On my tour of the RICD facility, I spoke to special educator Kwanjai Santikul about IEP’s methodology. She informed me that LD children are assigned learning goals according to their age group, and each goal has several knowledge checkpoints. Each child works their way through a workbook at their own individual pace, learning and reinforcing key concepts in reading and writing or mathematics. When the child can grasp and utilise the skills for all the checkpoints in their age group, they are ready to integrate into the standard Thai classroom.
A programme like IEP has huge potential in standard Thai schools around the country, provided they receive the materials necessary to make it happen.
Dr. Brian Doberstyn, Chairman of the Dulabhatorn Foundation, agrees that LD students should be worked with on an individual basis to focus on what they can do, but thinks that children should not be treated only according to their diagnosis. “They want to be challenged…They want to say, ‘I can do it!'” Dr. Doberstyn says. “These kids have so much more potential than ever realised, and we’re trying to…bring out as much of that as possible.”
Dulabhatorn Foundation works specifically with disadvantaged children who have issues with intellectual development, including learning disabilities, ADHD, Down’s syndrome, and autism. They also work with children outside of the regular classroom, grouping them according to ability and interest as opposed to age or diagnosis.
“Your approach should be to treat them as you would any child. They’re going to have feelings, they’re going to have sensitivities, they’re going to have fears just like any child has,” says Marianne Doberstyn, Dr. Doberstyn’s sister and general secretary of the foundation. “Do you really want to have a preconceived idea of what to expect? You don’t want to have any biases.”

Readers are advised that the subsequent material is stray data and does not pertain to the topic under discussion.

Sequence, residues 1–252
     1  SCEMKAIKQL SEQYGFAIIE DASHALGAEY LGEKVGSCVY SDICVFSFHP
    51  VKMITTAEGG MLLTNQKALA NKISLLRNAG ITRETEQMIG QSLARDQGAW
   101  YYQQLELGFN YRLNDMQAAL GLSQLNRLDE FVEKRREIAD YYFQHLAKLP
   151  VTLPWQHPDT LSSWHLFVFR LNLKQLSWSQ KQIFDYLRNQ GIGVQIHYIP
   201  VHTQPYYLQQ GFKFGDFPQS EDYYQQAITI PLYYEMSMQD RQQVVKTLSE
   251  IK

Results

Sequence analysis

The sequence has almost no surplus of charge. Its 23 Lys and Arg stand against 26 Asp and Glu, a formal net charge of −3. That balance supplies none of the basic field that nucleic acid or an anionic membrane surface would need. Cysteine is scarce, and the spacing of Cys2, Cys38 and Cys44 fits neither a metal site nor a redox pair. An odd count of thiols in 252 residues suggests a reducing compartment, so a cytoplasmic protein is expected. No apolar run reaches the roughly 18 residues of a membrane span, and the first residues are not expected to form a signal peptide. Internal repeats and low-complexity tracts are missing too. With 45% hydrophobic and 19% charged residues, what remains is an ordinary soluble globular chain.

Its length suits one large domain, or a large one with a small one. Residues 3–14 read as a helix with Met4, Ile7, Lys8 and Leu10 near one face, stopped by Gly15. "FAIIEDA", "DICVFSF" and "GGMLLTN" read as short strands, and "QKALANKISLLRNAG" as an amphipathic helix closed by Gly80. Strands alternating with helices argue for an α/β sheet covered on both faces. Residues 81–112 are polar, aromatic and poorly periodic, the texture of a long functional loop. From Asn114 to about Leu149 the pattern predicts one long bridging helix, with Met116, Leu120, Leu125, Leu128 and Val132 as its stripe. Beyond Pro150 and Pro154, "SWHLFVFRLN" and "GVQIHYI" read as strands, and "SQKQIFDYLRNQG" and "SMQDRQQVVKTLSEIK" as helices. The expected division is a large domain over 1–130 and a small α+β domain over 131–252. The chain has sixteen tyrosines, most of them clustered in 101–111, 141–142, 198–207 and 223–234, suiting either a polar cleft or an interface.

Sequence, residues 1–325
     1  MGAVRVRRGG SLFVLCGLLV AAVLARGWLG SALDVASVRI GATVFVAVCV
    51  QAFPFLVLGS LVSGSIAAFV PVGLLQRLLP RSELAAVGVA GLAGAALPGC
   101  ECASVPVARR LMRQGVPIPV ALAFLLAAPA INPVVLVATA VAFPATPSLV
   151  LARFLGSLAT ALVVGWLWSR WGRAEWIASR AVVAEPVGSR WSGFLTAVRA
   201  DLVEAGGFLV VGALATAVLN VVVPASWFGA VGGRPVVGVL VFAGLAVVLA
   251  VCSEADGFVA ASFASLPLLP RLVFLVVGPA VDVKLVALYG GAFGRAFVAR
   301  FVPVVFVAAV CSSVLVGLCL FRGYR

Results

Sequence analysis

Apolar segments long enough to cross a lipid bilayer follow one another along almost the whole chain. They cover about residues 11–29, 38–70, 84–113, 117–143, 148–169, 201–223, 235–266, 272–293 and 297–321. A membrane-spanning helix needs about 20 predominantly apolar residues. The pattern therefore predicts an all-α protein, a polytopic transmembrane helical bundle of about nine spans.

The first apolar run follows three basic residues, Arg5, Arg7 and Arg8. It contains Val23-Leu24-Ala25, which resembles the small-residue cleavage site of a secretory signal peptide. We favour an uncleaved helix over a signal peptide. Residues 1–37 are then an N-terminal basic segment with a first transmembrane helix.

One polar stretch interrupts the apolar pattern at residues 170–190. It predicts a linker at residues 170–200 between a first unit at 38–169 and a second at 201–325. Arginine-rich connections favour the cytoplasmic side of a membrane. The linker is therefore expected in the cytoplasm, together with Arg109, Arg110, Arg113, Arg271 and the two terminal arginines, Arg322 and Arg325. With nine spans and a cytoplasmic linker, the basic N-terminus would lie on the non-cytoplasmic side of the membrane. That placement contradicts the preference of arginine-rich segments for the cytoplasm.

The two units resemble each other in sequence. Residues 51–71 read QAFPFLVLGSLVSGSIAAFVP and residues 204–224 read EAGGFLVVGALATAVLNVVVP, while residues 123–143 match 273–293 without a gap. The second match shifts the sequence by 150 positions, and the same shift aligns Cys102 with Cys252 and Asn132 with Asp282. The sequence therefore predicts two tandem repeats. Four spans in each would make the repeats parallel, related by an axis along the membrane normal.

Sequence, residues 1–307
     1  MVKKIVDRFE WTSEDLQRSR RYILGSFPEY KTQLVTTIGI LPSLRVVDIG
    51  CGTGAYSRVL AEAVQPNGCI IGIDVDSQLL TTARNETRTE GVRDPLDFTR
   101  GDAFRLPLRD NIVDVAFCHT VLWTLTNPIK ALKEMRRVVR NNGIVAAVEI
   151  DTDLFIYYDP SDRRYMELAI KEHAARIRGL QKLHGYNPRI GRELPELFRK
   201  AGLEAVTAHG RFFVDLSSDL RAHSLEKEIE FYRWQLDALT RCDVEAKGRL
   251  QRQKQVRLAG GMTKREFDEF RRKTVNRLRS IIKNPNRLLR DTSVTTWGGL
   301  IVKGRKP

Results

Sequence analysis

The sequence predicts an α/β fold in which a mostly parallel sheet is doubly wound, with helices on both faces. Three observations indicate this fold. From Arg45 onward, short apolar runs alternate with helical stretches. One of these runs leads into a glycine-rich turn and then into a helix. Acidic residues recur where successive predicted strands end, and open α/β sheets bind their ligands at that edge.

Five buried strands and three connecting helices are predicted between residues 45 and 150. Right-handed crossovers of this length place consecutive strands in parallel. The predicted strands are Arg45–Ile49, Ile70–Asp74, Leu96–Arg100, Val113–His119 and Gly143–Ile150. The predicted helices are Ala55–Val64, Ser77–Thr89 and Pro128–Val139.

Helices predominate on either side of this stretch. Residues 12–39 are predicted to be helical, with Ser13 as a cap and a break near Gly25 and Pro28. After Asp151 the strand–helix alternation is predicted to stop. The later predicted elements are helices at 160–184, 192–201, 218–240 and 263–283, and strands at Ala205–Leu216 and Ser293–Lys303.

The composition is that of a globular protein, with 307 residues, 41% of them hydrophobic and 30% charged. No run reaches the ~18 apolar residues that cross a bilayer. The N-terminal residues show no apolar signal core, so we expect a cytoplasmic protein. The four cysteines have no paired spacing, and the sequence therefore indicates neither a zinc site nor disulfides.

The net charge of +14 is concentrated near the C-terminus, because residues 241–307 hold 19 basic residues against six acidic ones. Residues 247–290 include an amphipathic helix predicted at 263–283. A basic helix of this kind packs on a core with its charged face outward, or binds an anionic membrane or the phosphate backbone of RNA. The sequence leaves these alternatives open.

I tell Dr. Doberstyn about my experiences in the Thai classroom. Nearly a third of my 700 students in Isaan have some form of developmental disability, and all are integrated into the regular classroom, receiving no extra time or help from the teachers or administration. The whole session comes down to one question: “How can we help them?”
“It’s all in the attitude of people who are doing things… They have to be interested in doing it. The schools here? Teachers don’t give a damn. Special education classrooms are just a place to keep kids that are difficult for one reason or another,” Dr. Doberstyn sighs. “In Nong Pheung…the caregivers _ they call them babysitters _ they change every couple months. What they do, their idea is to keep these kids quiet, put them in front of the television or in front of the computer with YouTube or something.”
Marianne nods. “You’re fighting their traditional method, which is somebody stands in front and tells them and then they memorise,” she says. “It’s such a different approach which is centred on the child and not on the teacher. You’d have to start with a new teacher. I don’t think an experienced teacher would ever be able to make such a radical change.”
I ask them what could be done by teachers working now.
“There are simple things that can be done…and simple choices that a child could make in a classroom and right now I don’t see that they have any choices at all. It could be a choice of two things, which would you like to do: this or this?” Marianne replies. “Or working independently or working in small groups with their friends, not just everybody sitting down in front of the teacher. But it would be so alien to any teacher here _ I think it would be difficult,” she says.
Both Doberstyns emphasise that it’s not the teaching of LD students that’s difficult; RICD’s success with the Individual Education Program is proof enough of that. The biggest problem with Thailand’s current approach (or lack of) toward LD students is that they’re not encouraged to reach beyond what little they’ve been told they can do. “There’s just no stimulation, no stimulation of curiosity or no real desire,” Dr. Doberstyn says. “I think it’ll change, but it’ll take a lot of time.”
I think back to Ae in that small Isaan classroom. In the classes following my revelation, I have tried to exercise much more patience than before, shortening lecture time to a perfunctory ten minutes before moving on to games or art activities. My students have responded well, becoming more diligent in note-taking and calmer over the course of the lesson. Ae in particular has become more willing to sit in one place, even answering questions, volunteering to pass out papers, and other small tasks. Sometimes this is the best we can do, as teachers. A little understanding goes a long way.
“These kids live in such a small, small world. What they know is their home and their school,” Marianne adds. “We need to do something to expand their world, and I think they’re ready for it.”